TMD and Your Teeth: Quelling the Pain of an Open Bite

If you’re having problems with your teeth, if you’re in excruciating pain, then you’re going to want to keep reading. Your pain is not unusual, but it is potentially dangerous to your short and long-term health.



Here’s what you need to know.

The Illness and Symptoms

People who experience TMD and present with pain, usually have open bite problems an have little or no over jet or overlap of the anterior teeth. Usually, the maxillary anterior incisors overlap a little bit and there should be some overlap. Excessive gingival to gingival relationships exist when you close your teeth together, indicating a problem. A reversed occlusal plane or smile line is also usually present.

Some of the more common symptoms you may experience include a pain in the side of your head, a type of facial pain called Masseter facial pain and soreness, cervical neck pain, shoulder pain, pain at the low corner of your jaw, and other pain in the jaw area.

You may have problems chewing and swallowing. You may also have problems with teeth clenching, tooth sensitivities, and other oral health problems. Usually, an orthodontist visit is required to help resolve these issues.

A doctor will attempt to straighten an anterior open bite problem, but needs to solve the underlying abnormal tongue posture problems.

Treatment Options For TMD

Basic treatment is uncomplicated and involves placing an ice pack to the side of your face. This helps relieve the immediate pain and swelling in the area.

You can also do some basic stretching exercises for your jaw. Your dentist or orthodontist will advise you. After exercising your facial area, apply a warm towel or a washcloth on the side of your face and temporal region for 5 minutes.

You will want to change up your diet, too. Instead of your normal diet, eat softer foods. Foods, like yogurt, eggs, mashed potatoes, cottage cheese, soup, fish, and scrambled eggs will all provide good nutrition and healthy fats for your body while you heal.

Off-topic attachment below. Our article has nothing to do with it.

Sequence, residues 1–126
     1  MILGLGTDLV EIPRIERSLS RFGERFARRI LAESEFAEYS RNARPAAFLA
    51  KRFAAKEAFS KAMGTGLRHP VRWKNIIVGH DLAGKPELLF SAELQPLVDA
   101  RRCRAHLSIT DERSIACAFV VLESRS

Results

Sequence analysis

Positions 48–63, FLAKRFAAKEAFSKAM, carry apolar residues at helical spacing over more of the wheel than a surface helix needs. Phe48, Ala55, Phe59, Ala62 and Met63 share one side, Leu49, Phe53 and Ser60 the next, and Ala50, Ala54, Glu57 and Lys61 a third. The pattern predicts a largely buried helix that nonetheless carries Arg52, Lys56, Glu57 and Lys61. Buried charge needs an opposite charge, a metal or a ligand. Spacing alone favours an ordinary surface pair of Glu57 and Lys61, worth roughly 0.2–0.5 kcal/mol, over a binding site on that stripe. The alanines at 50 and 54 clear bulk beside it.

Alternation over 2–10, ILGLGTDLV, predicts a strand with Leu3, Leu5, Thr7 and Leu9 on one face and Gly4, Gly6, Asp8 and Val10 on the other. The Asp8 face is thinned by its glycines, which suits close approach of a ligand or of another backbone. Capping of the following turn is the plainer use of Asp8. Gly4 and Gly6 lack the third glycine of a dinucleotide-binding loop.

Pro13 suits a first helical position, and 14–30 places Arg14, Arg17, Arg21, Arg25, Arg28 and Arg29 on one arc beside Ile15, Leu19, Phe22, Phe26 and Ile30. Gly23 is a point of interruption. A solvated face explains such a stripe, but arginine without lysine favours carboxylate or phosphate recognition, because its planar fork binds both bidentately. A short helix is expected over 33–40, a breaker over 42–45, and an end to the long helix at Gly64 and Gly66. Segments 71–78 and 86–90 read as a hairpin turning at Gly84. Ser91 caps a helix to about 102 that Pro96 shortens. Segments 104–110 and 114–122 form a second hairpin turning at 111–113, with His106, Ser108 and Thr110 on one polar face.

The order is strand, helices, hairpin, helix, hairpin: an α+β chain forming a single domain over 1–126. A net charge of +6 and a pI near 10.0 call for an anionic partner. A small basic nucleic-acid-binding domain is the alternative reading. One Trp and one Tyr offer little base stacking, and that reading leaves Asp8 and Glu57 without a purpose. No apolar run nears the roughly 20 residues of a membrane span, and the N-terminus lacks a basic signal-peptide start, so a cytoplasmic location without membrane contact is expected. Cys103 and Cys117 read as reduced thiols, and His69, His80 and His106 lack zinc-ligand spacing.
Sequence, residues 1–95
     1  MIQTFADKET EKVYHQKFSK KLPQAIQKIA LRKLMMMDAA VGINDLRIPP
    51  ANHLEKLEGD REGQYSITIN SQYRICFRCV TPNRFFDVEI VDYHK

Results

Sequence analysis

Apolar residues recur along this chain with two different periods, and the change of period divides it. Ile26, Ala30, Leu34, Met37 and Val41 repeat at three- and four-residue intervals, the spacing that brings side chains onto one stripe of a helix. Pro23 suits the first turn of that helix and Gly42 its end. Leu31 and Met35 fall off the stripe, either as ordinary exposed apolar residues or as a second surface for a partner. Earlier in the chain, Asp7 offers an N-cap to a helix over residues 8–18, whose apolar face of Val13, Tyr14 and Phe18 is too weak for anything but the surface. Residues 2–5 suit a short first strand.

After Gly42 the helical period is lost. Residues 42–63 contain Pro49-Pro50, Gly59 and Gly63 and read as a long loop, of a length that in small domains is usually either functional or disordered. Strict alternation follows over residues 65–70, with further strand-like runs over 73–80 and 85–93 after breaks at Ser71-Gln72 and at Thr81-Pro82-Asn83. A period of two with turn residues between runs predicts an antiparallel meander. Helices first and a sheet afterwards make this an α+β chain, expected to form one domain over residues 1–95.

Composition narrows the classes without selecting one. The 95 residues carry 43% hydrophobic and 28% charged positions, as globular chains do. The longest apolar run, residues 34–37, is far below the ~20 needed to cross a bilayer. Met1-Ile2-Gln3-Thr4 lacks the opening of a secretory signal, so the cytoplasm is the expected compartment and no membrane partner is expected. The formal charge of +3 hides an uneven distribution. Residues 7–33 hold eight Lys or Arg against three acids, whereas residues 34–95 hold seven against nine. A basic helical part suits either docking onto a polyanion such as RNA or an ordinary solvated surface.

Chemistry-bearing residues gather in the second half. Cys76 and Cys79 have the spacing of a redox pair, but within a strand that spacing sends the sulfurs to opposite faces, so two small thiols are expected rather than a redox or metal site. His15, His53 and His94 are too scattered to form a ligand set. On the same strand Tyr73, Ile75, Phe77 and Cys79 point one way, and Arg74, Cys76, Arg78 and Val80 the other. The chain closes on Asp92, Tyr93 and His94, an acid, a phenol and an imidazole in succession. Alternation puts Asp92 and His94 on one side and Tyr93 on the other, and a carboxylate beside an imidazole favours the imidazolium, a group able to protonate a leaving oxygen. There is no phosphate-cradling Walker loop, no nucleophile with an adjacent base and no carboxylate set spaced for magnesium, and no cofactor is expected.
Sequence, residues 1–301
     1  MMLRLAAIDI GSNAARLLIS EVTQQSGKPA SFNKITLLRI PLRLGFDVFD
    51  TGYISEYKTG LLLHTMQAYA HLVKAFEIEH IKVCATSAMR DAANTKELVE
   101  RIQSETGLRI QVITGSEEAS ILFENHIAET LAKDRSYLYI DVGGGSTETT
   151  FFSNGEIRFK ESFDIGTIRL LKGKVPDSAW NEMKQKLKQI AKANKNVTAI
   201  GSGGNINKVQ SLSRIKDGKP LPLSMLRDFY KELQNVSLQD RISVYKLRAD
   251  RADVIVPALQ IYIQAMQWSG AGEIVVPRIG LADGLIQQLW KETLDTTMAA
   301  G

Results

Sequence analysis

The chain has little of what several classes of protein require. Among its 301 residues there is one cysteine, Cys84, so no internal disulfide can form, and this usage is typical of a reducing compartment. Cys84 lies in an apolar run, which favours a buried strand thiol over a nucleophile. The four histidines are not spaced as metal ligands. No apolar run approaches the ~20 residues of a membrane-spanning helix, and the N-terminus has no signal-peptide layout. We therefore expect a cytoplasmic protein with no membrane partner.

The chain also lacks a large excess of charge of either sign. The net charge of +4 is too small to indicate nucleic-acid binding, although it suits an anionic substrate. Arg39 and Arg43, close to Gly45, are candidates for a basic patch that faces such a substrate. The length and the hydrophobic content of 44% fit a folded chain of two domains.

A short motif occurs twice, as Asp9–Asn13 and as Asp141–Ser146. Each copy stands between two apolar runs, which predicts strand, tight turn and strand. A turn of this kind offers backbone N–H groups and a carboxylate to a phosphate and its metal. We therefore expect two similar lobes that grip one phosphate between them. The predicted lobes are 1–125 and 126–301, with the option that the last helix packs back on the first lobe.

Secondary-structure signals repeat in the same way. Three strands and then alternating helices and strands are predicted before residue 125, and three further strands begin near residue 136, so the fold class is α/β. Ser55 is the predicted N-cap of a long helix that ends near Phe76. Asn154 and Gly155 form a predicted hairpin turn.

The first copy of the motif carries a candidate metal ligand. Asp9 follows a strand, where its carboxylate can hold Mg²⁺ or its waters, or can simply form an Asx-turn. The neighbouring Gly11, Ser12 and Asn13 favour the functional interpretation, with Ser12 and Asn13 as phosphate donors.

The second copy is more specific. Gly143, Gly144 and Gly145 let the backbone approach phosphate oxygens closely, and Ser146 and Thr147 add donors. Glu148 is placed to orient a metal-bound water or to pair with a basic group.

Add cooked fruits and vegetables, beans, and grains for fiber and minerals. Cut up foods into smaller than normal portions or sizes to make it easier to chew on. Avoid crunchy foods, or fibrous foods which require a lot of chewing.

If you need pain medications, take them. Some doctors will prescribe muscle relaxers to help ease the tension.

Over the counter non-steroidal anti-inflammatory drugs (NSAIDs), like aspirin and ibuprofen will also help you.

Sleeping At Night

A dentist or orthodontist, like Dr. Joseph T. Hung, DMD, MMSc, may prescribe a nighttime guard to wear in your mouth. These guards are made of plastic and fit over the upper and lower teeth. They will prevent you from clenching during sleep, and will help correct your bite by putting your teeth in a correct and less traumatic position.

Finally, don’t rest your chin on your hand, hold the telephone between your shoulder and ear, and avoid chewing gum or hard candy.

Keep your teeth slightly apart during the day to relieve the pressure on your jaw, and control clenching and grinding by placing your tongue between your teeth during the day. Study relaxation techniques to help control your muscles and ask your dentist about physical therapy and massage.

Bradley Holmes is a receptionist at a busy dentist practice. Often the first person patient’s speak to, Bradley has a wealth of useful tooth related info at the ready to quickly put people at ease.

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